I surprised myself. While I’d always considered myself a mindful person, I often had trouble meditating. I would get distracted by my phone, or bugs, or the wind, or how thirsty I was or how hot I was or a million other things. Running was not the zen, silent space I imagined I could meditate in. With my feet pounding and arms pumping, how was I finding inner calm?

I’m excited to push forward in my running, spiritual, and writing goals in 2016.

On Being and Learning Again

I’ve felt… off-balanced lately. A little lost, a little weary and wary. Occasionally, like most folks, darkness comes in and you cannot help but question why it’s there and who causes it.

And while it’s scary, I’m lucky. I’ve seen the other side of darkness enough to know that “Easter will come,” things will brighten. I have family and friends who love me and make me laugh, a job I cannot help but find joy in, a partner who holds my hand the whole time and says, “I got you. It’s okay. We’ll be okay.”

Last night, and in the past few weeks, I have been struggling with the concept of “Enough.” In the NPO or education world– it often feels like I don’t do enough for the people in my life– my students, family, friends. Sometimes I feel like I’m too scared to take on the big challenges because I have this nagging need to take care of myself and do things that make me happy too.

So, on a whim, I found out that Fr. Greg Boyle, one of my favorite writers, priests, human beings, had been interviewed by On Being, one of my favorite podcasts.

I’ve read and listened to so much of Fr. Boyle, and what he shared wasn’t necessarily new to me, but just hearing it reframed again was so essential– I was immediately snapped back to myself. I know what I need to be doing. I know it will take time to get there. I know I must be eager, yet patient in God’s timeline.

I think, sometimes, we want to glance over reflections or lessons we think we’ve “already learned.” Yesterday, I didn’t want to reflect on body image because I thought, Well, I’ve written about that before, shouldn’t I know better?

We are so quick to forget our own flawed perfection means sometimes the lessons need to be restudied and relearned to gain a new, revolutionary potency in our minds. It doesn’t mean we’re silly, merely that we have the fantastically human ability to form and reform new and better connections with things as we grow.

So, with a renewed heart for the work and what it looks like for me, I’m coming out on the other side.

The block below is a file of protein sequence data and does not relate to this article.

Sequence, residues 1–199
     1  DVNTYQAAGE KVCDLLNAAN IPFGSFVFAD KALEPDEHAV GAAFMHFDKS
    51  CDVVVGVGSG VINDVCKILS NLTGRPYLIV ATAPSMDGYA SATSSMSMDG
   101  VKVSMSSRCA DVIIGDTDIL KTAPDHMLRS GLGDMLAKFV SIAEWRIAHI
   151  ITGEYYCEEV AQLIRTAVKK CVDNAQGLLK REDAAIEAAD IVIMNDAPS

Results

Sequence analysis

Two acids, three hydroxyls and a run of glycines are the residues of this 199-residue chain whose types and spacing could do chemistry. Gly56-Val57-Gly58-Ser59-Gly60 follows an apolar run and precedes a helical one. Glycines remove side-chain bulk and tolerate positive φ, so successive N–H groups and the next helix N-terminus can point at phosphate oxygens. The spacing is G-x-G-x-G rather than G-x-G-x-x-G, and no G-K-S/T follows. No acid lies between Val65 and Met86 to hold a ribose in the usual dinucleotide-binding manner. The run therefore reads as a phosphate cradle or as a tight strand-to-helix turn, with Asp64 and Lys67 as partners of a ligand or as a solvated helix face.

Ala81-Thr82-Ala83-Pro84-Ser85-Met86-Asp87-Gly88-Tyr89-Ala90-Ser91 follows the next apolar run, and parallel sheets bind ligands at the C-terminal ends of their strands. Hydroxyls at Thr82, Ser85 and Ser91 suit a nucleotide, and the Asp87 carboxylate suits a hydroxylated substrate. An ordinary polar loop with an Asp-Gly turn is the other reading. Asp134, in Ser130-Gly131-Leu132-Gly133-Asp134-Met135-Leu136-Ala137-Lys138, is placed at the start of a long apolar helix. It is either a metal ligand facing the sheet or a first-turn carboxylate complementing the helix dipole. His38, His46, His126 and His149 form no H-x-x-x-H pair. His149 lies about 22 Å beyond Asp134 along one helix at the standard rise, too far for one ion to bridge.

I highly recommend the linked podcast (I always choose the unedited version), and a few favorite tidbits below:

On perceptions of the communities we serve:

So you see how they love one another or there is nobody in need in this community, for example. But my favorite one is — it leaped off the page to me — and it says, “And awe came upon everyone.” So that the measure of our compassion lies not in our service of those on the margins but in our willingness to see ourselves in kinship. And so that means the decided movement towards awe and giant steps away from judgment.

So how can we seek really a compassion that can stand in awe at what people have to carry rather than stand in judgment at how they carry it?

On doing the work:

Question: …what more can I do other than shrugging my shoulders and writing a check?

Fr. Boyle:  Well, don’t stop writing the checks!… but we must obliterate the illusion that we’re separate…How do we dismantle the barriers that exclude? How de we dedicate ourselves, in our own way… how do you participate in the birth of a new inclusion, where nobody is left out?

And that takes humility! …Humility asks the poor on the margins, “What do you need? How can I help?” 

Hubris says: “here’s what your problem is and here’s how you fix yourself.”

On mutuality in “service”:

I’m not the great healer and that gang member over there is in need of my exquisite healing. The truth is, it’s mutual and that, as much as we are called to bridge the distance that exists between us, we have to acknowledge that there’s a distance even in service. A service provider, you’re the service recipient and you want to bridge even that so that you can get to this place of utter mutuality. And I think that’s where the place of delight is, that I’ve learned everything of value really in the last 25 years from precisely the people who you think are on the receiving end of my gifts and talent and wisdom, but quite the opposite. It’s mutual.

On the work as Christ did it: 

I haven’t found anything that’s brought me more life or joy than standing with Jesus, but also with the particularity of standing in the lowly place, with the easily despised and the readily left out, and with the demonized so that the demonizing will stop, and with the disposable so that the day will come when we stop throwing people away.